Building a More Humane Society
by J. Ford Huffman
He stopped eating meat at age 13 and founded a nonprofit animal-advocacy organization while in high school.
Now Paul Shapiro, BA ’01, is operating on a national scale, as vice president for farm animal protection at the national nonprofit Humane Society of the United States.
“This is my life’s work,” he says.
And unlike the challenges for him as a teenage vegetarian in the early 1990s—when meatless diets were a “foreign concept” in the United States, he says—Mr. Shapiro now has prominent company at the table. Rapper Jay-Z made news in December, when he and his wife, Beyoncé, announced a trial vegan diet.
“And people like Al Gore and Bill Clinton are nearly vegan and are talking about the benefits of plant-based eating,” Mr. Shapiro says. (Vegans typically avoid using products derived from animals.)
“Meat consumption has declined 10 percent in just six years, since 2007,” he says, “and because of that, the number of animals being raised for food is hundreds of millions fewer than just six years ago.”
From his time at GW, where he majored in peace studies and minored in religion, Mr. Shapiro says he remains inspired by the work of professors David DeGrazia and the late Harry Yeide. Dr. DeGrazia is professor of philosophy and a senior research fellow in bioethics at the National Institutes of Health, and Dr. Yeide was a professor of religion.
Each “had a pretty substantial influence on my views, even outside animal issues,” especially Dr. Yeide and his knowledge of “traditional religious advocacy.”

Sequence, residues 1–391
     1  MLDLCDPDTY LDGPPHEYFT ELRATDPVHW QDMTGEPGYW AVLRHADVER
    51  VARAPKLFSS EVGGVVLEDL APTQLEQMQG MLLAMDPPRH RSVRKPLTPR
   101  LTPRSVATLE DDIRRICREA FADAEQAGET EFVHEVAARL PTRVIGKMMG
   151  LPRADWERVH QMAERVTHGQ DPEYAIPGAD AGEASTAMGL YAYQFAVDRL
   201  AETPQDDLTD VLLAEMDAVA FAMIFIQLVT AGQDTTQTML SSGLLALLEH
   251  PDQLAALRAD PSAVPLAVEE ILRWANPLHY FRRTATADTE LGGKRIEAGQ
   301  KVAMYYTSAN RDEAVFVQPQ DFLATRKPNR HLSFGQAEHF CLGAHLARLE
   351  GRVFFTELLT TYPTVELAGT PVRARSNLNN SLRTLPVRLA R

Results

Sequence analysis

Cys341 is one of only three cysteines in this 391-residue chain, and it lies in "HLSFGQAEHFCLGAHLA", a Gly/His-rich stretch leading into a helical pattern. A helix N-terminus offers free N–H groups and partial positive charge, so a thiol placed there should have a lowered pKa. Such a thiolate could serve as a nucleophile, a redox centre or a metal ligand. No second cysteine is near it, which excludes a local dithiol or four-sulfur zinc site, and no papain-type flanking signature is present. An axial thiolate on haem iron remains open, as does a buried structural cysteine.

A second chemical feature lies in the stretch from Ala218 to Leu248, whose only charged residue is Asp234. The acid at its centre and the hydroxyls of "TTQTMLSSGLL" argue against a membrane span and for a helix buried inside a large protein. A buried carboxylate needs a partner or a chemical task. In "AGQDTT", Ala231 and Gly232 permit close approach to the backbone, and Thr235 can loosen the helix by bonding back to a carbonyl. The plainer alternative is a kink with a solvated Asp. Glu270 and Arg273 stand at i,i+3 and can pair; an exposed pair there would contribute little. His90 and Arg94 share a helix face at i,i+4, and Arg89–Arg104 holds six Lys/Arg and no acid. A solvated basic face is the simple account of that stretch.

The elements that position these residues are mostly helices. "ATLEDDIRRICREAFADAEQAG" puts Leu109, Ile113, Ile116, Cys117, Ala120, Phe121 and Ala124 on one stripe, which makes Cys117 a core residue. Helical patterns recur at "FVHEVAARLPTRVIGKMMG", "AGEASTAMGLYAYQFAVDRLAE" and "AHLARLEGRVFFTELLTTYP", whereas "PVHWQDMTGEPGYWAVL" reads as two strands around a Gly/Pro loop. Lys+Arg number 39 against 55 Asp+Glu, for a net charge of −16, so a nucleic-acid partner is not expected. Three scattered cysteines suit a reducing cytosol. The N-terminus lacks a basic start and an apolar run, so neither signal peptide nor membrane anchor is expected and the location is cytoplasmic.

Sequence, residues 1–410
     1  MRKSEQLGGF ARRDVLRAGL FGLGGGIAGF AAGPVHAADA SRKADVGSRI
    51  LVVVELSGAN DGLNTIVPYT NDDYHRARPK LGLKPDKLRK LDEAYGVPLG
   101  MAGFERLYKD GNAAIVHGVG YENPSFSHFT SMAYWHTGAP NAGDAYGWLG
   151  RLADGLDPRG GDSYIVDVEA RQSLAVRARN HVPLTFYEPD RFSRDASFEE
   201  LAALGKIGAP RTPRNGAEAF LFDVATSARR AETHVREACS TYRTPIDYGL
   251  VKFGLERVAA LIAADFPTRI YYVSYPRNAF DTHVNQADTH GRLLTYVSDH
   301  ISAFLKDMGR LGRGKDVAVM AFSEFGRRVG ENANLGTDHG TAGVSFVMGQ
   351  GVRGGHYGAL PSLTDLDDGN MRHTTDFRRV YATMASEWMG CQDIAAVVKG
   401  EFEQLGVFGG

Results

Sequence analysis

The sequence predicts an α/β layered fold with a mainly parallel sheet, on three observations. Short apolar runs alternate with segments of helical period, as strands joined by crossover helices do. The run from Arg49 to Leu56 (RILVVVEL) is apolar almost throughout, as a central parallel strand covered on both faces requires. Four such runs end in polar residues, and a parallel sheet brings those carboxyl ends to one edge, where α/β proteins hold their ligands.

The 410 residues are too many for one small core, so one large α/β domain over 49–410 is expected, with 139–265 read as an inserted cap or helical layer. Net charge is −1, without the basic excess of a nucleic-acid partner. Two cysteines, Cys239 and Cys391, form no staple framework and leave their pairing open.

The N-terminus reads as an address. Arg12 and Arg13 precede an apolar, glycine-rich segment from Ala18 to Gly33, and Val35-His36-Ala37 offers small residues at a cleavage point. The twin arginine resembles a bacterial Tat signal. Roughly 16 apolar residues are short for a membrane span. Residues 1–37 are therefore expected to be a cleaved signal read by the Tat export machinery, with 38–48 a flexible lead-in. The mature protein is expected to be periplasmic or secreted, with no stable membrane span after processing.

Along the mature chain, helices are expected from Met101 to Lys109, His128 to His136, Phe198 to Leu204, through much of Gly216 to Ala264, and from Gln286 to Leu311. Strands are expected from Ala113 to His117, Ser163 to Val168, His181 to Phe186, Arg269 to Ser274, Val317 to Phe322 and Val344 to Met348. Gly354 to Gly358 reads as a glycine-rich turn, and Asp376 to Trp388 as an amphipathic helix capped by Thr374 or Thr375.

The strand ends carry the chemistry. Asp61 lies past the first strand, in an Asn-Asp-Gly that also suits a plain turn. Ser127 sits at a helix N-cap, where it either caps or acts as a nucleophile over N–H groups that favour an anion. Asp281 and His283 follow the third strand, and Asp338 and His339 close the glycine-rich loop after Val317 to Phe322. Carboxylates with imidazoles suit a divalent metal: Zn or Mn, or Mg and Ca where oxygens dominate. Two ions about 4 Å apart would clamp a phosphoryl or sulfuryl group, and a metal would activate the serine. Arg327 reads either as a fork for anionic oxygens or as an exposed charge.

Mr. Shapiro learned that “many of the abolitionists were religious. In the 19th century, advocates were cognizant about slavery—and about poverty, women’s equality, prison reform, and animal cruelty.
“A lot of abolitionists started animal protection groups,” he says. Likewise, Mr. Shapiro had wanted “to bear witness to how we treat our fellow animals, to transform our relationship with other animals.”
Referring to “other animals” denotes his vision of a planet on which “animals are no longer [seen] as a commodity to be exploited but as individuals who are to be respected, and to avoid suffering.”
In January 2005 he joined the Humane Society of the United States, billed as the nation’s largest animal protection group, which is headquartered just off GW’s Foggy Bottom Campus. (The HSUS is a national organization, and not affiliated with local humane societies.)
“Without a doubt we’re making progress,” he says, but “not enough.”
“When I graduated there were zero states that had passed laws [about farm animal protection]. Now there are nine states.”
And, he says, “we’ve persuaded many of the biggest food retailers, who are now mandating animal-welfare improvements to their suppliers.”
That makes some meat producers unhappy, according to a December article in Rolling Stone that reports “Big Meat” producers have “declared jihad on the Humane Society.”
Despite detractors, though, Mr. Shapiro remains vocal.
“My voice is basically trying to halt the war we wage on animals. Most farm animals are tormented their entire lives,” he says. “Many are locked in cages so small they can hardly move.”
In Mr. Shapiro’s own home, not surprisingly, the conditions for cats Calvin, Emma, and Sam are much more comfortable, for the cats and for others.
“I built them a ‘catio’—a screened-in enclosure outside my bedroom window— where they can enjoy watching the birds without attacking them.”